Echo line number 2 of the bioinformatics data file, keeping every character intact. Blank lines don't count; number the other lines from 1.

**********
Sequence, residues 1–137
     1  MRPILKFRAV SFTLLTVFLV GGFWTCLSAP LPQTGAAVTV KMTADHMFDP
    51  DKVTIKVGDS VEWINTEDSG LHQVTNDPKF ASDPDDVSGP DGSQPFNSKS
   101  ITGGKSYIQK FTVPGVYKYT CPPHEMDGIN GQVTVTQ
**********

     1  MRPILKFRAV SFTLLTVFLV GGFWTCLSAP LPQTGAAVTV KMTADHMFDP